Nanoengineered bio-concrete as future materials
August 18, 2021
By Dr Chin Mei Yun, Amelia Chai Pei Sze & Ts. Dr Hj. Muhammad Khusairy bin Bakri
Concrete has been relied on for decades as the most widely used building material due to its durability, flexibility, and strength. In the field of concrete production and application, significant progress has been made over time. Concrete is available in the market in a variety of grades, compositions, and energy efficiency ratings, making it more accessible to everyone.
However, one of the most revolutionary concrete features was developed by a Dutch researcher and microbiologist Hendrik Jonkers. Jonkers mildly modified the composition of standard concrete by injecting a biological ingredient that gave it self-healing properties. This has resulted in producing concrete called bio-concrete.
Bio-concrete is proving to be a game-changer in the construction industry. This amazing material can ‘heal itself’ from cracks and breakage, thus, ease the builders’ burden in completing construction and dealing with costly replacements. Bio-concrete can contribute to structural stability and durability by decreasing the likelihood of a building collapsing.
So, what exactly is this bio-concrete and how does it function? Bio-concrete is a cutting-edge building material that can self-heal fractures. It contains bacteria that can produce limestone under certain conditions.
When a crack appears in the bio-concrete, the bacteria become activated, allowing limestone to form and heal the crack. As a result, the bio-concrete becomes more resilient and environmentally friendly. In contrast, less limestone would need to be mined to produce cement for concrete production and building repairs would cost less money.
In bio-concrete, clay pellets are also used as an additional component. In these pellets, bacteria spores are fused with calcium lactate. Limestone is formed when external elements (such as air and water) interact with bacteria in a concrete crack. This limestone is what heals the mortar by ultimately filling in the gaps.
Bio-concrete can be used in real-world situations because bacteria can survive for many years without losing their active properties. When a crack appears inside the clay pellets, it is essentially inactive and is triggered by external factors.
Bio-concrete can benefit the construction industry. Architects, contractors, engineers, and other stakeholders were intrigued by the study on self-healing concrete, which piqued their interest in how bio-concrete could be used to streamline daily construction operations. Is bio-concrete on its way to becoming the next big thing in construction?
The features of this material make it a front-runner for widespread use in the coming years. One of the most useful applications of bio-concrete is to fill minor gaps in bigger concrete slabs, cracks in bridges, and other buildings that if left without repair, would cause extreme damage over time.
Bio-concrete can fill cracks up to 0.8 mm or the size of an ant, preventing the cracks from becoming larger and avoid significant structural damage. Because of their flexibility, bio-concrete is useful for bridges, houses, tunnels, and other buildings.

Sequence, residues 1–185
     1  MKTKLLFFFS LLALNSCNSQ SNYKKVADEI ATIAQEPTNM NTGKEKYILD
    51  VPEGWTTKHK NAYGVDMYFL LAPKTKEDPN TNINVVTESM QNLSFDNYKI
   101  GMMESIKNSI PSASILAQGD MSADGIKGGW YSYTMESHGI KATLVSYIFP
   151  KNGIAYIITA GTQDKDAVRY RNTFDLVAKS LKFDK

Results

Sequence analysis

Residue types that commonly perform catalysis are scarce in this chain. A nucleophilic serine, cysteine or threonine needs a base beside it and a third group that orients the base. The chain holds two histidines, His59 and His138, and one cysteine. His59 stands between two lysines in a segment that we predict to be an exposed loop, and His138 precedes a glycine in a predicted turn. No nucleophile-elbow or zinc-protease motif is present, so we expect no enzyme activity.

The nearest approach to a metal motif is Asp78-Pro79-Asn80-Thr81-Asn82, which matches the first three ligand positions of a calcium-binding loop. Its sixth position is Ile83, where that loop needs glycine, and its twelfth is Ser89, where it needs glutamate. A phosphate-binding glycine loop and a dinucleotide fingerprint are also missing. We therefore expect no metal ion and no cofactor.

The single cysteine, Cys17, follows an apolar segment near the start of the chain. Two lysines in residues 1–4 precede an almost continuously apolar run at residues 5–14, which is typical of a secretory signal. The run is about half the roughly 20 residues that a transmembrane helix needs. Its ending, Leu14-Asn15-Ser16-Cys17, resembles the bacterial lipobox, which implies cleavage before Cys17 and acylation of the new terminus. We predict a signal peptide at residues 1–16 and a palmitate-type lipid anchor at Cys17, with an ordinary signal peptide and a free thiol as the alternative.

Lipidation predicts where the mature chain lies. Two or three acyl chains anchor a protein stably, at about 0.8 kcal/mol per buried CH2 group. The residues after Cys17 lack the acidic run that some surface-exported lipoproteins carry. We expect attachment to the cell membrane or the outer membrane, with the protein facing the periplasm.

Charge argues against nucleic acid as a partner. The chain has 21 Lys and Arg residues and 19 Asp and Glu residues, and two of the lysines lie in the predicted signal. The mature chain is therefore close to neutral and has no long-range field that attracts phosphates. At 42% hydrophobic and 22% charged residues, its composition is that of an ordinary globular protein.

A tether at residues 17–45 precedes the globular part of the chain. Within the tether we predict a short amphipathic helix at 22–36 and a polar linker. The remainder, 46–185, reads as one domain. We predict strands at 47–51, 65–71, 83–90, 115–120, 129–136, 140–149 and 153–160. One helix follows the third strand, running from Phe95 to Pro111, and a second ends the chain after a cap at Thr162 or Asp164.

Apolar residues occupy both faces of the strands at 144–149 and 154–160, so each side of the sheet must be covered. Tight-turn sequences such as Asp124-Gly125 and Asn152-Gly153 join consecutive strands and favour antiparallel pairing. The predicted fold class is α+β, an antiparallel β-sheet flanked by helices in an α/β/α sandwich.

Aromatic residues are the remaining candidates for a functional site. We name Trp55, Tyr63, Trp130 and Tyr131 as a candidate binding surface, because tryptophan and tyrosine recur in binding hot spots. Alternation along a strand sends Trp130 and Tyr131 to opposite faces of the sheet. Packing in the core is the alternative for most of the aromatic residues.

The material’s wider use may open-up a slew of new possibilities in chemistry, microbiology, and construction. Not only can we save money on repairs, but we can also experiment with new designs and benefit from more reliable systems. The benefits of bio-concrete extend beyond its cost as it is both environmentally friendly and long-lasting.
This solution also helps industrial and residential construction companies minimise their carbon footprints by lowering greenhouse emissions. As lower maintenance is needed, less materials are required for repair works, hence, releasing less greenhouse gases. The future of our sector lies in sustainable construction, and bio-concrete is at the forefront of that movement.
In long operating cycles, bio-concrete was recently put through endurance tests to see how harsh and strong it is. According to the research conducted, the compound will last more than a few decades in its natural state. This implies that clay pellets in the biochemical mixture can withstand a wide range of temperatures and physical conditions.
Bio-longevity concrete is a game-changer because it can be used in so many ways. In addition, a bio-concrete researcher is developing a new method for encapsulating bacteria in concrete mixtures. This will reduce manufacturing costs and at the same time, increase the usefulness of this ground-breaking technology.
The construction industry does not seem to be slowing down. Bio-concrete and sustainable construction have a bright future, and businesses should not miss out on this innovative construction alternative.
Dr Chin Mei Yun is a lecturer, and Amelia Chai Pei Sze is a PhD candidate at Swinburne University of Technology Sarawak Campus. Ts. Dr Hj. Muhammad Khusairy bin Bakri is a Swinburne alumnus. They can be reached via email at email@example.com / firstname.lastname@example.org / email@example.com